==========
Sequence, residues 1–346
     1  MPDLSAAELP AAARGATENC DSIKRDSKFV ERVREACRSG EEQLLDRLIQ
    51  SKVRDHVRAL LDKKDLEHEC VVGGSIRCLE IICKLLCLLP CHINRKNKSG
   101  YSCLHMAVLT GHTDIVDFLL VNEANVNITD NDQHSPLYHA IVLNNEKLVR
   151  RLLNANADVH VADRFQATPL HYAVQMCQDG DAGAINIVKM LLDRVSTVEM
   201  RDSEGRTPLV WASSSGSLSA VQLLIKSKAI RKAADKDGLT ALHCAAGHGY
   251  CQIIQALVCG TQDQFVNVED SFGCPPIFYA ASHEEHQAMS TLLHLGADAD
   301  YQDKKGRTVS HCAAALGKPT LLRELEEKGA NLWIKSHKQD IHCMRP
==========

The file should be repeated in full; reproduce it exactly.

Sequence, residues 1–346
     1  MPDLSAAELP AAARGATENC DSIKRDSKFV ERVREACRSG EEQLLDRLIQ
    51  SKVRDHVRAL LDKKDLEHEC VVGGSIRCLE IICKLLCLLP CHINRKNKSG
   101  YSCLHMAVLT GHTDIVDFLL VNEANVNITD NDQHSPLYHA IVLNNEKLVR
   151  RLLNANADVH VADRFQATPL HYAVQMCQDG DAGAINIVKM LLDRVSTVEM
   201  RDSEGRTPLV WASSSGSLSA VQLLIKSKAI RKAADKDGLT ALHCAAGHGY
   251  CQIIQALVCG TQDQFVNVED SFGCPPIFYA ASHEEHQAMS TLLHLGADAD
   301  YQDKKGRTVS HCAAALGKPT LLRELEEKGA NLWIKSHKQD IHCMRP